Joe Pavelski had lasted 13 seasons and nearly 1,000 games with the San Jose Sharks before hitting free agency in the summer of 2019.
He was leaving the "C" and the sea behind in California, without a Stanley Cup.
In the last NHL courting period, Pavelski’s phone was buzzing. What team wouldn’t want a leader, a 10-time 50-point centre, one of the greatest tippers in the game, and a guy who routinely elevated his play come post-season and refused to slow down in his 30s?
But this wasn’t so much about what Pavelski’s multiple suitors wanted. This was about what he wanted.
"If I was gonna be leaving San Jose, I wanted to go to a place that was going to have a good chance to win and give me an opportunity to get back to where we're trying to get to," Pavelski says.
So, he narrowed his decision to two finalists and paid an in-person visit to each — Dallas and Tampa Bay. Two of the sunniest, southern-most NHL cities. Two tax-free states. Two clubs with an established, talented core firmly in a go-for-it stage of their contention window.
And most important for our story: the only two teams left standing in 2019-20, the longest hockey season ever.
Shedding the teal, Pavelski opted for green over blue, signing a three-year, $21-million whopper.
"I liked the goalies here. I liked the structure defensively. They play a lot of one-goal games and didn't give up a lot of goals. And I always believe you need that, especially in the playoffs, to find those types of wins," Pavelski explains. "There's also some high-end talent on this team as well."
We’ll find out 10 days or less whether Pavelski made the correct call, but certainly his logic has proven sound.
En route to Pavelski’s second crack at Round 4, his Stars have thrived in thin margins and bullied in crowded trenches. The goaltending has been phenomenal. And the high-end talent, from Miro Heiskanen to John Klingberg, Jamie Benn to Alexander Radulov, has risen to the moment.
Dallas is an incredible 10-1 in one-goal playoff games and 5-0 when the battle stretches past the 60-minute mark.
"The biggest trend in the series was they won the net-fronts on both ends. There's a lot of trench warfare in front of both nets," said coach Peter DeBoer of the Vegas Golden Knights, Dallas’s most recent victim. "They were a little heavier, little harder, in those areas."
Considering the disciplined defensive play of both Cup finalists and the excellence of their starting goalies — Anton Khudobin and Andrei Vasilevskiy will each be given Conn Smythe consideration if their team goes the distance — we should be in for a few more one-goal affairs, starting Saturday at 7:30 p.m. ET/4:30 p.m. PT.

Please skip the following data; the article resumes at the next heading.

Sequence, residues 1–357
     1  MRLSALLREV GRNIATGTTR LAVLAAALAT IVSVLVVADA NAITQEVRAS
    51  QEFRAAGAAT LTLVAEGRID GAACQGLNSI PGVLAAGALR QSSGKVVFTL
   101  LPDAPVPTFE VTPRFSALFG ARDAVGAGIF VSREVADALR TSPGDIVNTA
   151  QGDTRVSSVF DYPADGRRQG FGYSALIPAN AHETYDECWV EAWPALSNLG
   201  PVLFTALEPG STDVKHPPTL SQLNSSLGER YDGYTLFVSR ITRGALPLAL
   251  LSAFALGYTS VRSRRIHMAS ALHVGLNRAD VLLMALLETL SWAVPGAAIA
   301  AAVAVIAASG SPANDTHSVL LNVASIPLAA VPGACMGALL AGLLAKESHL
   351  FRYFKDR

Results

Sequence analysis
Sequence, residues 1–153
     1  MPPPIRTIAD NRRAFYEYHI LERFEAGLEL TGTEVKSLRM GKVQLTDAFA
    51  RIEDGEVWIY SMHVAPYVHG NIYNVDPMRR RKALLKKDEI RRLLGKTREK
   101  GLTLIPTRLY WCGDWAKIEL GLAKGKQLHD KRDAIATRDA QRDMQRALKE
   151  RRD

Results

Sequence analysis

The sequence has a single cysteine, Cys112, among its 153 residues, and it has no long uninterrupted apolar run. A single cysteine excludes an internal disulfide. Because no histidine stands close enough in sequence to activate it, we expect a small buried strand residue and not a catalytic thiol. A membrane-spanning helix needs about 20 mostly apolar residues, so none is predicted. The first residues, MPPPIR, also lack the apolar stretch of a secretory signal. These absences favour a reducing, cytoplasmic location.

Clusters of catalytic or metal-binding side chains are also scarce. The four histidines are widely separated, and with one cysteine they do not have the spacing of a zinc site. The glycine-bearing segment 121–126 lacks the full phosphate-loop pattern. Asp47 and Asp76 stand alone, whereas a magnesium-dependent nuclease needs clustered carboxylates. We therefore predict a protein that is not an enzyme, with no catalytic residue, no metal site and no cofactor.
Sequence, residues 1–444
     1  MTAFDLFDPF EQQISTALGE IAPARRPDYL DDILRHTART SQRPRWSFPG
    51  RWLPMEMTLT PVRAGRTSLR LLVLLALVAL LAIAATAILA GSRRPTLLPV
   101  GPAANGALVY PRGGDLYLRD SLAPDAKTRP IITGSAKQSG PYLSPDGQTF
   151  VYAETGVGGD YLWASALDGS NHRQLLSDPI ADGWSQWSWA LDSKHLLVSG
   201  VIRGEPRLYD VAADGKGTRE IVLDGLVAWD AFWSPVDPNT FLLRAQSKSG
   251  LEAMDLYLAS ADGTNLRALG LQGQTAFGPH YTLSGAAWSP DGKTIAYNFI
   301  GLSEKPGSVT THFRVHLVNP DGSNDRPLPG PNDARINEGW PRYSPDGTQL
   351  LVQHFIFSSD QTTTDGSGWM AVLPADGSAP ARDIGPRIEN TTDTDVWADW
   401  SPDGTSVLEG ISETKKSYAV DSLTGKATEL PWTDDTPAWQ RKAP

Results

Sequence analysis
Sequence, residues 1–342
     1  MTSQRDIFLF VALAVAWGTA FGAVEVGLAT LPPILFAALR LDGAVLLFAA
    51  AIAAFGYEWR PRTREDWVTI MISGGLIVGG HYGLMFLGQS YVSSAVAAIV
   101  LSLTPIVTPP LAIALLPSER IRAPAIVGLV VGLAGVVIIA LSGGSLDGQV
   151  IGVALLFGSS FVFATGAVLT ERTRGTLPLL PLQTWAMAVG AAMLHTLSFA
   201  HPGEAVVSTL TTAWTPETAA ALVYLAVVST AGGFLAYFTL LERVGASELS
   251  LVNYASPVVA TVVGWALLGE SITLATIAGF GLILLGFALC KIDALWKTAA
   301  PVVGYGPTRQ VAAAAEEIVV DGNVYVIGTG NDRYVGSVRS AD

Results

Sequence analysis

Since being drafted back in 2003 as a seventh-round afterthought, Pavelski, now 36, has constructed a sterling career by thriving the trenches. Even past his prime, Pavelski has the hands to swipe face-offs and redirect slappers in traffic, plus the brains to make the right play in tight and pounce at the proper time.
So, while Pavelski’s 14 goals and 31 points in a shortened season had some questioning Jim Nill’s signing, the playoffs are where Pavelski proves his worth.
He erupted for 23 points in 24 post-season games during the Sharks’ painful runner-up campaign in 2016. And since entering the bubble, he’s pumped his points-per-game rate for Dallas from 0.46 in the regular season to 0.67, while logging 18 minutes a night.
Pavelski’s nine playoffs goals and seven at even-strength co-lead the team, with Denis Gurianov.
On the eve of the Stanley Cup Final, Nill too thought back to Pavelski’s recruiting visit.
"You start to build a team, and you want to add some pieces, and all of a sudden names like Joe Pavelski and Corey Perry pop up. They've had success where they've been. They still are driven to be even better, and it's how they affect other players," Nill said.
"They've taught me things, and I think they've taught the coaching staff things. They’re winners, and there is a reason you want those players on your team. I'm so happy for those guys. They've come together and gelled this team and pulled us through a lot of this."
Funny how life twists, the places our decisions can bring us.
Pavelski and Perry were forever enemies in those fierce California battles and rivals in some epic U.S.-versus-Canada tilts. Yet there they were Friday, sharing one podium and one objective at 2020 Stanley Cup Final media day.
Both chuckled and smiled at how things have worked out. Neither wished to leave their former team — Perry was unceremoniously bought out by the Anaheim Ducks last summer — yet here they are, dodging rebuilds and unified by their boyhood dream.
"There's been a lot of hockey played between us," Perry said. "It's nice to be sitting here beside him right now and doing this."
Pavelski grinned wide through his playoff beard.
"It's fun to be on the same side," Pavelski added. "A few games ago, we did one of these [Zoom calls with reporters], and I just kind of looked up at the screen and saw it, and I just kind of started laughing. This is great, here in the playoffs with Corey Perry. It's been awesome."
Also awesome: a golden opportunity to prove yourself right, to have signed a contract with a team one year before it became Stanley Cup champion.
"That's all you can ask for," Pavelski said.